A. Landa: "The Swing R3 has enabled us to improve feed conversion"
14 of October of 19 - Success stories
With a herd of 3,000 sows and more than 75,000 piglets weaned per year, the Mexican company RYC Alimentos owns a 40 year old pig farm. Armando Landa, a veterinary surgeon by profession, has been working on this farm for ten years. He is in charge of management and administration of the farm, supervision of its health status and monitoring of its production figures. “As a student, I had a passion for the pig farming industry, and so I decided to train in this field at a young age”, explains Armando.
With 40 years of history, how has the farm grown over time?
The farm began in 1975 as a family smallholding with 20 sows and a boar, but after five years, we had already expanded to 200 sows. So the family decided to build a new farm, expand the herd to 500 sows and improve its facilities. From there, the farm has not stopped growing. While 20 years ago there were 1,500 sows, we now have 3,000. This growth has occurred in parallel to the creation of the RYC Alimentos company, which processes the meat that we produce and has 1,500 employees. The firm that currently owns the business is known for being innovative, and highly committed to increasing efficiency, and we are doing this by improving and remodelling our facilities.
How is the farm laid out?
The farm has a complete production cycle and 50 workers distributed among the six areas into which the farm is divided. In particular, it has seven gestation barns with 150 cages and an automated feeding system where the sows are kept for 49 days; then we transfer them to gestation rooms until the 110th day of the gestation period. We have 480 farrowing pens, 60% of them with a Feeding Ball. On the other hand, to guarantee the best sanitary conditions, there are 17 weaning barns at a distance of about 1 km with sufficient capacity for 11,600 animals, plus 17 finishing barns, each of which has sufficient capacity for 1,100 animals. Last but not least, we also have a barn for the adaptation of first-time mothers and a feed preparation plant.
What Rotecna products have you installed on your farm?
We have a huge variety of Rotecna products, particularly the Swing R3 hopper, the Feeding Ball, the slats, the heating plates and the feed distribution system, among others.
Why did you decide to buy Rotecna products?
When we last expanded our facilities, and in order to decide what equipment we'd install on the farm, we conducted various assessments and analysed the potential returns on investment. And we found that Rotecna products are very good quality. They work very well and give good results, so we decided to install them.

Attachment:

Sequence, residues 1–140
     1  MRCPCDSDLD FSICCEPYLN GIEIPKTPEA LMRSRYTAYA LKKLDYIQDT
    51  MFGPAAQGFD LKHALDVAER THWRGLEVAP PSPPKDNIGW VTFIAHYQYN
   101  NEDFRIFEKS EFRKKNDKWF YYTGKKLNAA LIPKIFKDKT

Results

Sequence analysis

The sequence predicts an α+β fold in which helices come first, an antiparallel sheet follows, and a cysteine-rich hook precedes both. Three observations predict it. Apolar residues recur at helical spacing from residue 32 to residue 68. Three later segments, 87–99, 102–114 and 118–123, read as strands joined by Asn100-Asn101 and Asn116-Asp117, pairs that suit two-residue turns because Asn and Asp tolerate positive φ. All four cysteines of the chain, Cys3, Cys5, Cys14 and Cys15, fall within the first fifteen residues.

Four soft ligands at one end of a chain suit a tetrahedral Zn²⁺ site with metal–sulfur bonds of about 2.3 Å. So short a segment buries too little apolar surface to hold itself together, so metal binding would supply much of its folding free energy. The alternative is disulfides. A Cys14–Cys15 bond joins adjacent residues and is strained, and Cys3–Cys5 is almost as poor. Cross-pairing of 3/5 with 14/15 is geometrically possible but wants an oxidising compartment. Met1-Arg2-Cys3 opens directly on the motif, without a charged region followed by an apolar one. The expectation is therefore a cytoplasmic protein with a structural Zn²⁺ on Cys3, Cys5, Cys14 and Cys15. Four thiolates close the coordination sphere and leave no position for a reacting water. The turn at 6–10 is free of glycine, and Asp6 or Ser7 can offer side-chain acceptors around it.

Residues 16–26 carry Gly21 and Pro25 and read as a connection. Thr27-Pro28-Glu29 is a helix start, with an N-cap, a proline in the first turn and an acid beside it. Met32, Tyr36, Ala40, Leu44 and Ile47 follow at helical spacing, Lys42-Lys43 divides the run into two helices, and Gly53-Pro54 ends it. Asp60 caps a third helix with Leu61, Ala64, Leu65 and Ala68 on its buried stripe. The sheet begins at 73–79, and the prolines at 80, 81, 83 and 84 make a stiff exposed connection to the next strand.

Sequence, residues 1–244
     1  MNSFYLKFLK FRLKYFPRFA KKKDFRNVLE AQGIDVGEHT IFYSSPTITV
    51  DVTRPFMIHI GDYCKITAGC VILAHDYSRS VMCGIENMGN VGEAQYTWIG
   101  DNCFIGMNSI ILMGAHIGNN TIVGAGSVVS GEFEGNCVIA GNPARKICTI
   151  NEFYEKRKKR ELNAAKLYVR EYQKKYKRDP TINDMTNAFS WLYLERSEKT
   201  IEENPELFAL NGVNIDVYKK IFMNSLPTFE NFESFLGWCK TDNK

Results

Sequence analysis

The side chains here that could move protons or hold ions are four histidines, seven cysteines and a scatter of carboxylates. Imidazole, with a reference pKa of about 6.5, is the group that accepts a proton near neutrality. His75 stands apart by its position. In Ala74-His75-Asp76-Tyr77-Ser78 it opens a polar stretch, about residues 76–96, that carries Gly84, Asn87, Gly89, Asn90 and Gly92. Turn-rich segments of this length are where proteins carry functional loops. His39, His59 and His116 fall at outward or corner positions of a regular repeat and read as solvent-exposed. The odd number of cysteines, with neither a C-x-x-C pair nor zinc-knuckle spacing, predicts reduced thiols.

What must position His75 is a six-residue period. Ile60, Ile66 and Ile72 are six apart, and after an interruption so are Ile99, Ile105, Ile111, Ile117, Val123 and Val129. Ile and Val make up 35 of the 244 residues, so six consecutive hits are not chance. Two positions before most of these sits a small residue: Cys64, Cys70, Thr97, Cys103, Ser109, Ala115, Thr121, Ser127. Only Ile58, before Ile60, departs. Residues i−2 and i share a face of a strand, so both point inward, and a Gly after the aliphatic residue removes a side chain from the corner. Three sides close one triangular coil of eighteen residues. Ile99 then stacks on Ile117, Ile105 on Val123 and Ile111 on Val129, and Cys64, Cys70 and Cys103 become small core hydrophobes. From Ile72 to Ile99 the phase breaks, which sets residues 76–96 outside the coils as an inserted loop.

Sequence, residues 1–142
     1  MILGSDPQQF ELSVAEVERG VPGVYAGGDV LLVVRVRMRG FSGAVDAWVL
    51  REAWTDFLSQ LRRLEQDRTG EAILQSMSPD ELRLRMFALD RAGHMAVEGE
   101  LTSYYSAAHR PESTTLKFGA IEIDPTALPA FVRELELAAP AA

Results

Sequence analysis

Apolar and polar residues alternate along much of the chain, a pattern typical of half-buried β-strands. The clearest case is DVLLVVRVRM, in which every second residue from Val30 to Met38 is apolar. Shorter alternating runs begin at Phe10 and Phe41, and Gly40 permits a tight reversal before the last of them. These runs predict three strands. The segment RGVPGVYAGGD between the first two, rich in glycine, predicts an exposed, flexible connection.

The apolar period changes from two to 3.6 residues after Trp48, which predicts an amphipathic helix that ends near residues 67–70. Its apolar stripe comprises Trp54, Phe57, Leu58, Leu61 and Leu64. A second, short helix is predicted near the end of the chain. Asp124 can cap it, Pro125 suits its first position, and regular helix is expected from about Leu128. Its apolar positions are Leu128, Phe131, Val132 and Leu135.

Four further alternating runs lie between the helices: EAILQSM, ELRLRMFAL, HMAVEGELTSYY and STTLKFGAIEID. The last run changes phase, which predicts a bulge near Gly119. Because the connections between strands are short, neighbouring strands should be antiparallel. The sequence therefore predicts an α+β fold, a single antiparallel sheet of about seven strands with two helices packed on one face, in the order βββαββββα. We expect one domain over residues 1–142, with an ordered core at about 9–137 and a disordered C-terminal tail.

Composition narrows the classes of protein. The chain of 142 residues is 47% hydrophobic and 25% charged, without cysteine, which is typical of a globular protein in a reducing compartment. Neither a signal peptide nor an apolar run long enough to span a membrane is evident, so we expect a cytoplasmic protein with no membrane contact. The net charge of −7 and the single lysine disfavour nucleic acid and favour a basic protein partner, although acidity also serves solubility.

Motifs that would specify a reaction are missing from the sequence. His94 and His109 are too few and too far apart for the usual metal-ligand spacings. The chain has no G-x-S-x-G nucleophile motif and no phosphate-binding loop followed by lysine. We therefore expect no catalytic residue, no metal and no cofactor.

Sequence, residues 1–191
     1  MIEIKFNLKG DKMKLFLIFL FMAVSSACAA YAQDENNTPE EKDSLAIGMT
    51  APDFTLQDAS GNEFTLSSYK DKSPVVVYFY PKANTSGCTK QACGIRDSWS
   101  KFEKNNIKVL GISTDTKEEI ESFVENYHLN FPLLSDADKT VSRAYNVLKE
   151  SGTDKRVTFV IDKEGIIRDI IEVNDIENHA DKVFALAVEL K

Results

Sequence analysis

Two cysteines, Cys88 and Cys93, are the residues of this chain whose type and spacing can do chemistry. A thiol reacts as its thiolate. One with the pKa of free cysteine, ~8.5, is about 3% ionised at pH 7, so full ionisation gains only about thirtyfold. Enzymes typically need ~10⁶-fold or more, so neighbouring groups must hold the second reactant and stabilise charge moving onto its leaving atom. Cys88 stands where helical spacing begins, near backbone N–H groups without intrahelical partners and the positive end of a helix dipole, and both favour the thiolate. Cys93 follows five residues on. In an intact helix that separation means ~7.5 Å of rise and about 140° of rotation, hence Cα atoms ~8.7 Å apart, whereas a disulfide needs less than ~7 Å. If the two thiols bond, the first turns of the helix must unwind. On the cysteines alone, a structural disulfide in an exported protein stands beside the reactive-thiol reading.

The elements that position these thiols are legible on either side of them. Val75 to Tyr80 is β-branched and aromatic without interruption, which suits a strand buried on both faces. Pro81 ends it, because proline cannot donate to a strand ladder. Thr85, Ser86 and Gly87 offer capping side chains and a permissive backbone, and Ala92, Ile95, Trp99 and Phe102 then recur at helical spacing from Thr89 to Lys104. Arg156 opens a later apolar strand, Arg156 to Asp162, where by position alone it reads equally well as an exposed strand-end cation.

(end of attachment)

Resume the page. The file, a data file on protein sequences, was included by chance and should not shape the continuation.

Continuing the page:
Weaning barn with Rotecna Swing R3 hoppers and slats.
In wean-to-finish, you work with the Swing R3. What benefits does this hopper bring?
It is a very efficient hopper, and has allowed us to significantly boost several production parameters in these phases. Specifically, having it has improved feed conversion and increased our animals' daily weight gain. And one of the main advantages of the Swing R3 is that feed is not wasted, and there are no feed restrictions at any time, which makes life a lot easier for the farmhands.
In farrowing you work with the Feeding Ball. What made you decide on this product?
It is a very innovative product. Just like we did with the other products, we assessed it before installation and detected an increase in the feed intake by our sows at the lactation stage, so we decided to install it in our farrowing pens.
What benefits would you highlight about its use in farrowing?
The benefits that we have noticed from using it are that there is less wastage of feed, the sows eat more, they are better fed and produce more milk, so the piglets are heavier at weaning and we have also noted less loss of body condition among sows. Also, in terms of workforce, its use implies savings in the time spent feeding the animals.
In terms of the industry, what is your opinion of the pig farming industry in Mexico?
The Mexican pig farming industry is a complicated sector with an uncertain future that could be threatened by meat imports from other countries at a lower price. In this regard, to stay in the business, the industry must work on different aspects such as increasing exports of Mexican meat, being more efficient in terms of production parameters and improving production costs.
In health terms, what are the main concerns of the industry?
The main threats we are currently facing and which are of great concern are PED, PRSS and influenza. To guarantee the best sanitary conditions and prevent the development of outbreaks of these and other diseases, we implement different practices on our farm, such as an integral biosecurity programme that includes the complete closure of the farm, in which we generate our own genetic methods to prevent the entry of external animals, with an order delivery point at a distance from the farm or disinfection arcs at the entrance to each area. We also have our own vaccine and medication programmes.
Lastly, as a pig farm, what challenges do you envisage in the future?
At present, our main objective is to improve the production efficiency of the farm. To achieve this, the first goal we have set ourselves is to get a sow to produce 3,000 kilos of meat per year.